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Gladiator
By Justin Paley
Jets Insider.com Staff Writer
October 9th, 2004
Jets All Pro Center Kevin Mawae: The heart and soul of the Jets offensive line. (JetsInsider.com Photo)
Jets All Pro Center Kevin Mawae: The heart and soul of the Jets offensive line. (JetsInsider.com Photo)
All-Pro center Kevin Mawae is not only the Jets’ unofficial team leader, he is the elder statesman and for the last seven seasons has been the heart and soul of the offensive line. His streak of 157 straight games is an example of his rock-like persona and when he broke a finger on his right snapping hand during the Jets’ win over San Diego on September 19 some thought the injury might finally sideline the veteran. Although the hand healed somewhat during the bye week, it was no way ready for battle against the Dolphins. A mere mortal might sit out but that’s not Mawae. What was his solution? Cast the injured right hand and snap the ball with his left. You would think it would take weeks to master such a switch, but Mawae did it in just a few days, made his 158th start last week against Miami and helped the team remain undefeated.

“The biggest affect was the pass protection was harder,” Mawae said about playing with the club like cast.

Besides snapping with his left hand, Mawae also switched with G Pete Kendall a few times during short yard situations and was the lead block for Curtis Martin’s only rushing TD against Miami. Martin ended up rushing for 110 yards as the Jets improved to 3-0. Mawae red-shirted at Louisiana State University in 1989 and the last game he missed was in 1990. He was picked in the second round of the 1994 draft by the Seattle Seahawks and played four years with the Seahawks. The first two were spent at RG before switching over to C in 1996. Mawae started all 16 games at C in 1996. In 1997, he directed the offensive line while Seattle achieved club records for total yards and passing yards. Current Jets LG Pete Kendall played alongside Mawae in 96 and 97.

Mawae then signed with the Jets as a free agent in February of 1998 and has been pulse of the Jets’ offensive line. He has led the blocking charge that has allowed RB Curtis Martin to rack up big yards. Last season, Martin rushed for 1,308 yards and is off to a good start this year with 425 yards through three games. RT Kareem McKenzie talked about how the o-line has been so effective.

“We have a great group of guys who work well with each other,” McKenzie said. “And they have just one overall goal and that’s to get Curtis out in the open field and let him run.”

QB Chad Pennington certainly appreciates the work of the offensive line, as they give him plenty of time to complete his passes and keep him from being sacked. The o-line has only give up four sacks this season.

“(They are) great communicators,” Pennington said. “They do a fabulous job of getting the calls and making sure they are all on the same page. I think that is their biggest strength, they are good with communicating.”

Last year’s starters at LG and RG were Dave Szott and Brent Smith, respectively. Szott retired and the Jets picked up Pete Kendall to replace him at LG after Kendall was released by Arizona in early August. Mawae talked about what Kendall brings to the Jets.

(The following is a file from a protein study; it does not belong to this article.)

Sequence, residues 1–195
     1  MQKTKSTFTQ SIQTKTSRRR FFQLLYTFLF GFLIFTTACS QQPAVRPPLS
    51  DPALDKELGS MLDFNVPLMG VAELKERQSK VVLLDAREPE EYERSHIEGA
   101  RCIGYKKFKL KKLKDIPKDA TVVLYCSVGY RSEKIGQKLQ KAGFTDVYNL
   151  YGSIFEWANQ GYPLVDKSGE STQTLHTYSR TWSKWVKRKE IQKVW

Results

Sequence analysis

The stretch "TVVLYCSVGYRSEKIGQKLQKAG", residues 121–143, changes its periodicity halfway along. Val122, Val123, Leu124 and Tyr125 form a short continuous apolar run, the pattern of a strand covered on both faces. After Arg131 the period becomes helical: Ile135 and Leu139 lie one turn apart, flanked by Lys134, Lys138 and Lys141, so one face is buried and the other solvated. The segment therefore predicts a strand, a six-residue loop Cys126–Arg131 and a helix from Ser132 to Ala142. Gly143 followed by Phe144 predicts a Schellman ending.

“I think we have experience now,” Mawae said. “We have a guy at one point in his career, 3 years ago was one of the top six guards in the league. He’s a smart player, he plays hurt, so he’s a tough player. It brings us instant depth.”

Smith battled Brandon Moore throughout training camp before losing the starting job to Moore.

For his play, Mawae has earned many accolades He has earned five consecutive Pro Bowl starts for the AFC squad and has been selected to 12 All-Pro teams in the past three years.

Off the field, Mawae donates his time to various charities. Every year, he holds a raffle/auction to raise money for a scholarship in his brother’s name and his high school. He serves as a spokesman and an advocate for the David Center for autism research and has co-founded “Touchdowns for Special Kids,” a program in which all the members of the Jets’ offensive line contribute money for each offensive TD scored during the season and Bowling with the Jets, a fundraiser to benefit the David Center. He is also helping raise money for Winthrop Winthrop-University Hospital's Child Life Program and Pediatric Services.

Mawae said he is not sure which hand he will snap with this week but will have the difficult task of opposing Buffalo DT’s Pat Williams and Sam Adams. While the consecutive game started streak is important to Mawae, he is a team player.

“We didn’t change our game plan or game plan around my hand,” Mawae said. “The whole reality of it is when it comes down to it, it really doesn’t matter, all that matters is if the team wins or loses.

Head Coach Herman Edwards knows having Mawae on the field is important.

“I think it says a lot about the player, his ability to obviously play with pain because he’s been hurt sometimes where he’s actually played,” the HC said. I think he’s smart enough to where if he doesn’t—there’s a certain standard that he feels is necessary for him to play at. I think the great thing about guys like that that had a history of playing in that many games, the team is still first.”

With the Jets now undefeated and off to the best start since Edwards arrived, Mawae’s leadership and gladiator personality is more important than ever.